Darlings! What makes a good school: Michael Winerip left Newsweek for dead in yesterday’s New York Times.
In his weekly “On Education” piece, Winerip explored the way those lists of best high schools get made. These lists can be highly influential, Winerip cruelly noted at the start.
Soon, he was pounding at Newsweek:
WINERIP (6/4/12): What schools score highest on Newsweek’s index? Of the top 50, 37 have selective admissions or are magnet schools, meaning they screen students using a combination of entrance exam scores, grade-point average, state test results and assessments of their writing samples.Oof. But as he continued reviewing the Newsweek list, matters only got worse. Of the remaining 13 schools in the Newsweek top 50, eight are charter schools, Winerip noted.
In short, to be the best, high schools should accept only the highest performing eighth graders, who—if the school doesn’t botch it—will become the highest performing 12th graders.
Put another way: Best in, best out, best school.
“The two top charter schools on the Newsweek list are the Basis high schools in Scottsdale and Tucson,” he sweetly said. Then, rather brutally, this:
WINERIP: What does the student body look like at a Basis high school? At Basis Scottsdale—the third best high school in America, according to Newsweek—95 percent of the 701 students are Asian or white.Ow ow ow ow ow ow ow! When will the Times make this stop?
Asians make up 2.8 percent of the state population, but 41 percent of the Basis Scottsdale students.
There are 15 Hispanics (2 percent) in a state that is about one-third Hispanic.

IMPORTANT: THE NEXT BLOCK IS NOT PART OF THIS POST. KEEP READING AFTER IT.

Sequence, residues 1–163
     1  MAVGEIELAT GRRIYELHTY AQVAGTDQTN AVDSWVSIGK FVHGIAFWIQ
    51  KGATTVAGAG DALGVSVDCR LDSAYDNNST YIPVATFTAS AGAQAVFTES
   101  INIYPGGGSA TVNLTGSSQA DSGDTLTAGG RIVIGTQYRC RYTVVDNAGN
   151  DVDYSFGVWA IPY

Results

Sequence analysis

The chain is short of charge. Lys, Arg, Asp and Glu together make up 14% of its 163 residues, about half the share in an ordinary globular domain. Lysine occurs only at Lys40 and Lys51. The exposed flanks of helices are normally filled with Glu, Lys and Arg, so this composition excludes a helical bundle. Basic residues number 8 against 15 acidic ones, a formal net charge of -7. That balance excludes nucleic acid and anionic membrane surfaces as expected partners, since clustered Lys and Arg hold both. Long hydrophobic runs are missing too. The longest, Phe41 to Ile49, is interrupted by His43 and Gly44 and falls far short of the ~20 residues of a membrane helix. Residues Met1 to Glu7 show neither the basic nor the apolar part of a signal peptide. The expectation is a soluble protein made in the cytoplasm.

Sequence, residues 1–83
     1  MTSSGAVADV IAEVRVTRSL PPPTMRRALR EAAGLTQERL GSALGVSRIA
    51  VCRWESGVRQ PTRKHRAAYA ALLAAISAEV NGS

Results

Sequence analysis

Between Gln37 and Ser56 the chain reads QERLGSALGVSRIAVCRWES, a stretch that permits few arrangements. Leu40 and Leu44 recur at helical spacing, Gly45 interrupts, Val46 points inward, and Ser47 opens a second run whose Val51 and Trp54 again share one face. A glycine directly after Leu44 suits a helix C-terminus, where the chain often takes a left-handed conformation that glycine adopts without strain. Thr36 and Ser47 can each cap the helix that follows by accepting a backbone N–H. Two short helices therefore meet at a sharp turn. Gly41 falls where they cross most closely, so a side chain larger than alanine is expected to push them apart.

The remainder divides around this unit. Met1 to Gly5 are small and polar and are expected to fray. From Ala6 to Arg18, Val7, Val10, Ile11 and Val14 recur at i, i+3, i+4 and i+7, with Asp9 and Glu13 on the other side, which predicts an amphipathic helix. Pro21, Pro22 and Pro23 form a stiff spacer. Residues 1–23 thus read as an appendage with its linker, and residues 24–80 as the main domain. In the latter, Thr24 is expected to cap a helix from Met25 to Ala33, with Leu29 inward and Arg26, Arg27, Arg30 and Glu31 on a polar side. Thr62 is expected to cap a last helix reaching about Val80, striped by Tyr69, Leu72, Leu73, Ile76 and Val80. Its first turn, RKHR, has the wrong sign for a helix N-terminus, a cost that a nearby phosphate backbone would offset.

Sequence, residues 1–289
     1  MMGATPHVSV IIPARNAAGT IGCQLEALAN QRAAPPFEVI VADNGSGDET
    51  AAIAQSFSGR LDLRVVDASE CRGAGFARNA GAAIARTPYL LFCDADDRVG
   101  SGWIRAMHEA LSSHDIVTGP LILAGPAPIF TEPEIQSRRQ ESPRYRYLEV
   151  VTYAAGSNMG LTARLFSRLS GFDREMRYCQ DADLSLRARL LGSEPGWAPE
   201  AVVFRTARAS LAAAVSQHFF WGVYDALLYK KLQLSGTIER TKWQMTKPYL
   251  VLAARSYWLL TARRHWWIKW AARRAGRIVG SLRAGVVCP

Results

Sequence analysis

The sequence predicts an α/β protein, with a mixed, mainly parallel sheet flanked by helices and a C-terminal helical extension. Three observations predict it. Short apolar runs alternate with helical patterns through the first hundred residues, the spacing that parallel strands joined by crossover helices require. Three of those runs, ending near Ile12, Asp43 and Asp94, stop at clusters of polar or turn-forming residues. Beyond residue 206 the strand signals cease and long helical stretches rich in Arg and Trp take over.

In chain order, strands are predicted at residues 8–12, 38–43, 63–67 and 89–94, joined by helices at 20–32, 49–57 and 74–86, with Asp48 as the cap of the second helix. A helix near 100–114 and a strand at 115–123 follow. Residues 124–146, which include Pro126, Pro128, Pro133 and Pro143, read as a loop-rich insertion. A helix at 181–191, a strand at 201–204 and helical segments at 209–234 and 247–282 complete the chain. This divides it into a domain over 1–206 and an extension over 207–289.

There are no Native Americans listed on the State Education Department’s Web site, though they make up 5 percent of Arizona’s population. The site lists 13 African-American students and no children of migrant workers. There are no children who qualify for subsidized lunches or who need special education classes.
Clearly, best schools would do best not to get bogged down serving students considered un-best.
The remaining five of the top 50 schools [on the Newsweek list] are in suburban districts where enrollment is open to all, as long as they are residents.
The one thing that these five schools have in common is that they are full of children from the nation’s wealthiest families.
Let’s state the obvious: Every student deserves a good school. Kids who come from wealthier homes deserve to go to good schools too.
But ow ow ow ow ow ow ow! Winerip continued to pound away at Newsweek’s highly foppish list. We'll suggest that you read the whole thing.
Darlings! This sort of thing just isn’t done! When will the Times make it stop?